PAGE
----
So, here it is – my very first Tuesdays with Dorie post. Pretty darn exciting, if you ask me. I’ve really been itching to join for weeks now, but for whatever reason I haven’t until now. I was super nervous about this week’s recipe, being that its my first ‘TWD’ post, and I wanted to “make a good impression”, so to speak, but also because its MARSHMALLOWS! For the love of Pete- marshmallows? For a girl who likes to make cute little cookies, easy-peasy brownies and cakes, and the occasional flan, tart, or other “slightly-more-challenging” dessert, marshmallows are like……….woah.
Now, for those of you who are wondering, “what the heck is Tuesdays with Dorie?!” – its a group of people (mostly women) who love to bake and love Dorie Greenspan’s new cookbook Baking: From My Home to Yours. Every week, a member of the group chooses one of Dorie’s (amazing) recipes for the group to make; then everyone makes the recipe and posts it in their cooking blog on Tuesdays. Sorry if I’ve just confused you….just go to the website if you still need more answers. tuesdayswithdorie.wordpress.com/
I’m not sure why I imagined marshmallows were so difficult to make – aside from being slightly tedious, they turned out to be fairly easy. I know a few people had encountered some problems with the marshmallows separating, or the egg whites deflating; I didn’t seem to have either of these issues – I guess I just got lucky this time around. I read a lot of the comments on the Tuesdays with Dorie website, which gave me a few helpful tips (like what to do with the extra tablespoon of sugar). So all-in-all, I’d say my first shot at marshmallows turned out to be a success!
So many people made so many great “tweaks” and personal touches to the recipe – to see everyone’s results, go here. Since I wasn’t totally familiar with this recipe, I decided to keep it simple and not do anything fancy to mine. The only adjustment I made was substituting half of the vanilla with coconut extract – just for a little extra flavor. Just a tip – these are pretty tasty in a s’more!
(any changes I made are in Italics)
Makes about 1 pound marshmallows
About 1 cup potato starch (found in the kosher foods section of supermarkets) or cornstarch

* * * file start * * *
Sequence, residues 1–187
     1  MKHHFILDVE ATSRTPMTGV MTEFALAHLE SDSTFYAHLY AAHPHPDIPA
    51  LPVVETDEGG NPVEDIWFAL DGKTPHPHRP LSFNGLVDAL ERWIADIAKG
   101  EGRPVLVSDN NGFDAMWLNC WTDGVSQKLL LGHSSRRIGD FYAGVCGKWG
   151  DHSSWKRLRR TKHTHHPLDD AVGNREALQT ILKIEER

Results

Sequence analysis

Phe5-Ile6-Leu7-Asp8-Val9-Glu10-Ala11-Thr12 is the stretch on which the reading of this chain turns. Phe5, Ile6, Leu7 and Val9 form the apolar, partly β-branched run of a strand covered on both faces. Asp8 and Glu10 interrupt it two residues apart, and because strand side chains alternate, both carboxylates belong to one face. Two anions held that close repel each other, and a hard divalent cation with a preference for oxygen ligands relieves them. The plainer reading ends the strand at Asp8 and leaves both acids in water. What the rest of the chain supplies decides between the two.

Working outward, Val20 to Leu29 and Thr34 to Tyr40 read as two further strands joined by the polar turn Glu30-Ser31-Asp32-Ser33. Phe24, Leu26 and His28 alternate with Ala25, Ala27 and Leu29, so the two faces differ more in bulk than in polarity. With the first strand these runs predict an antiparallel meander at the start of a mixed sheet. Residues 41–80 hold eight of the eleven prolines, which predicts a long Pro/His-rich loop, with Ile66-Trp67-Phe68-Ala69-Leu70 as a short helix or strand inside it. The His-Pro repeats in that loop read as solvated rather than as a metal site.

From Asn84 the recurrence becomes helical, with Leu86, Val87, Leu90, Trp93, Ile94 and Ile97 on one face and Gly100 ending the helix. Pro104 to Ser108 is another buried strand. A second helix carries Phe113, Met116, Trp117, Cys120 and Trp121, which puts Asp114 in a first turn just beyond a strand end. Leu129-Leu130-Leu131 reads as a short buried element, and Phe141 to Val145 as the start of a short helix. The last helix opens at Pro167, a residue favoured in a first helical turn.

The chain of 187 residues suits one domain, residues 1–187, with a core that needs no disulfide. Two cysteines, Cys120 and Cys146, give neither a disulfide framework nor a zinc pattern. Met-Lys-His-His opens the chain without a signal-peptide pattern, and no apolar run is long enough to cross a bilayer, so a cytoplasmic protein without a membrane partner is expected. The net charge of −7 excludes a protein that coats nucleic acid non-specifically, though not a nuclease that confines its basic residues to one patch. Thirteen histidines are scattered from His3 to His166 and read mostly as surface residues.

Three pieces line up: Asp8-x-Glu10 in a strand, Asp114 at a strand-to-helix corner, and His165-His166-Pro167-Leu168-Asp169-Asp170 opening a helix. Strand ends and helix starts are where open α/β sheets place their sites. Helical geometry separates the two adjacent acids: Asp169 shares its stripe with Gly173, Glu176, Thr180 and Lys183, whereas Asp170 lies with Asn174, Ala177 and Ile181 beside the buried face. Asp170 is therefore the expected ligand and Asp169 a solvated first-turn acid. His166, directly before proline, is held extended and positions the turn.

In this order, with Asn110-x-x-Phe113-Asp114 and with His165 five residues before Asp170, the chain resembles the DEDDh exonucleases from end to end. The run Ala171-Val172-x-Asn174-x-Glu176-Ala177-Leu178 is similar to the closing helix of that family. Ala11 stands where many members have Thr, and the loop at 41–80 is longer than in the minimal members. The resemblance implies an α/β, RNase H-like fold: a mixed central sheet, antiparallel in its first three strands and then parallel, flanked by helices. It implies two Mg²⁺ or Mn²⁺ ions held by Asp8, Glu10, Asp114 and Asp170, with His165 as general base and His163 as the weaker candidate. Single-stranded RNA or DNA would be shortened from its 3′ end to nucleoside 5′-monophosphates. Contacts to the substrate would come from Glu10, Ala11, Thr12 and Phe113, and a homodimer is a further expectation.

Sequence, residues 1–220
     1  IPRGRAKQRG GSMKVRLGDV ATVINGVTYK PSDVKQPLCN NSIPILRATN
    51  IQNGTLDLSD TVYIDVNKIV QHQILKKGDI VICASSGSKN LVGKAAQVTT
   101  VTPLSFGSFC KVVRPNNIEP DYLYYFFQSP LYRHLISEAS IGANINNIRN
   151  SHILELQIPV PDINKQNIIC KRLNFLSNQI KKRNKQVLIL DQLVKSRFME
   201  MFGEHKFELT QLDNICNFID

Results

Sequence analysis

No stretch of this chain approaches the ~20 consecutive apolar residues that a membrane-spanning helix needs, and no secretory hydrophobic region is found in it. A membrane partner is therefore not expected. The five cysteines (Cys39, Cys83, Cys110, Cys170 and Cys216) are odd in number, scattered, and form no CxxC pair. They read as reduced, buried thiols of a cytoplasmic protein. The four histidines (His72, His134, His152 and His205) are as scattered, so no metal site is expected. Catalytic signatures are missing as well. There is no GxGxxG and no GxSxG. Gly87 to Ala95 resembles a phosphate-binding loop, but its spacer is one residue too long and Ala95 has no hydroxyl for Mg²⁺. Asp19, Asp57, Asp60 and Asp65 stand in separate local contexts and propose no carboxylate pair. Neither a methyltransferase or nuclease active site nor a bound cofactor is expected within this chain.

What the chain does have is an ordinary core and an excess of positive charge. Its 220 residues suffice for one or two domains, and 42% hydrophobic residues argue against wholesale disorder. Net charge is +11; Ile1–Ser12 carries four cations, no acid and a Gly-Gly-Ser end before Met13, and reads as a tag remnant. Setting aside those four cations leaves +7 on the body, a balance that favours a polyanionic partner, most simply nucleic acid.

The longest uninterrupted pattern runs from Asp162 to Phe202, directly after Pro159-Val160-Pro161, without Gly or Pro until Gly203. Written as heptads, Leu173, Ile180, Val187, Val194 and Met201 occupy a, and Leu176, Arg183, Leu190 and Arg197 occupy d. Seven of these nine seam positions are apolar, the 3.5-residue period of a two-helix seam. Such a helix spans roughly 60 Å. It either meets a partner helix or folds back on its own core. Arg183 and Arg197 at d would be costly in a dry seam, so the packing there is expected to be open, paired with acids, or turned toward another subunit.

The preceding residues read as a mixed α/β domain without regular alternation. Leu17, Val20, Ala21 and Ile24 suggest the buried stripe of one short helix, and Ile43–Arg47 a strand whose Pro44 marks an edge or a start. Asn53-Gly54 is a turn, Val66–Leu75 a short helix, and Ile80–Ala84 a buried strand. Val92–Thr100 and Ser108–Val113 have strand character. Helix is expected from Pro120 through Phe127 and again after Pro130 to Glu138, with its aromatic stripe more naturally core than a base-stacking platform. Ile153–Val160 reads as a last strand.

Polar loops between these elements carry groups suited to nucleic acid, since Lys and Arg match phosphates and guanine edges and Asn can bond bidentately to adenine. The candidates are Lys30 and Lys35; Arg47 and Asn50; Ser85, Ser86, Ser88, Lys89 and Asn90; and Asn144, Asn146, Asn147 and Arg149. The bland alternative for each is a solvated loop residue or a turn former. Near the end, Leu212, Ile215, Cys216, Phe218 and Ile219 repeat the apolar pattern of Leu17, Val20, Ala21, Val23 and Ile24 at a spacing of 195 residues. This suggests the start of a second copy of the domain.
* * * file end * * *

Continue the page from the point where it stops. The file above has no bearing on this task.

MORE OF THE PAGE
2 tablespoons light corn syrup
2 1/4-ounce packets unflavored gelatin
3 large egg whites, at room temperature
3/4 cup cold water
1 tablespoon pure vanilla extract
1 1/4 cups plus 1 tablespoon sugar
GETTING READY: Line a rimmed baking sheet — choose one with a rim that is 1 inch high (I used a 9×13 pan so my marshmallows would be nice and tall) — with parchment paper and dust the paper generously with potato starch or cornstarch. Have a candy thermometer at hand.
Put 1/3 cup of the water, 1 1/4 cups of the sugar and the corn syrup in a medium saucepan over medium heat. Bring the mixture to a boil, stirring until the sugar dissolves. Once the sugar is dissolved, continue to cook the syrup — without stirring — until it reaches 265 degrees F on the candy thermometer, about 10 minutes. (I didn’t have a candy thermometer and wasn’t interested in buying one – so I just did without. I just let the syrup cook for about 7-10 minutes, and it turned out fine)
While the syrup is cooking, work on the gelatin and egg whites. In a microwave-safe bowl, sprinkle the gelatin over the remaining cold water (a scant 7 tablespoons) and let it sit for about 5 minutes, until it is spongy, then heat the gelatin in a microwave oven for 20 to 30 seconds to liquefy it. (Alternatively, you can dissolve the gelatin in a saucepan over low heat.)
Working in the clean, dry bowl of a stand mixer fitted with the whisk attachment or in another large bowl with a hand mixer, beat the egg whites on medium-high speed until firm but still glossy — don’t overbeat them and have them go dull. (This is where I added the extra tablespoon of sugar that wasn’t ever called for in the original cooking directions)
As soon as the syrup reaches 265 degrees F, remove the pan from the heat and, with the mixer on medium speed, add the syrup, pouring it between the spinning beater(s) and the sides of the bowl. Add the gelatin and continue to beat for another 3 minutes, so that the syrup and the gelatin are fully incorporated. Beat in the vanilla.
Using a large rubber spatula, scrape the meringue mixture onto the baking sheet, laying it down close to a short end of the sheet. Then spread it into the corners and continue to spread it out, taking care to keep the height of the batter at 1 inch; you won’t fill the pan (unless you use a 9×13 like I did, then you will indeed fill the pan). Lift the excess parchment paper up to meet the edge of the batter, then rest something against the paper so that it stays in place (I use custard cups).
Dust the top of the marshmallows with potato starch or cornstarch and let the marshmallows set in a cool, dry place. They’ll need about 3 hours, but they can rest for 12 hours or more.
Once they are cool and set, cut the marshmallows with a pair of scissors or a long thin knife (I used a pizza cutter – it worked beautifully). Whatever you use, you’ll have to rinse and dry it frequently. Have a big bowl with the remaining potato starch or cornstarch at hand and cut the marshmallows as you’d like — into squares, rectangles or even strips (as they’re cut in France). As each piece is cut, drop it into the bowl. When you’ve got 4 or 5 marshmallows in the bowl, reach in with your fingers and turn the marshmallows to coat them with starch, then, one by one, toss the marshmallows from one hand to the other to shake off the excess starch; transfer them to a serving bowl. Cut and coat the rest of the batch.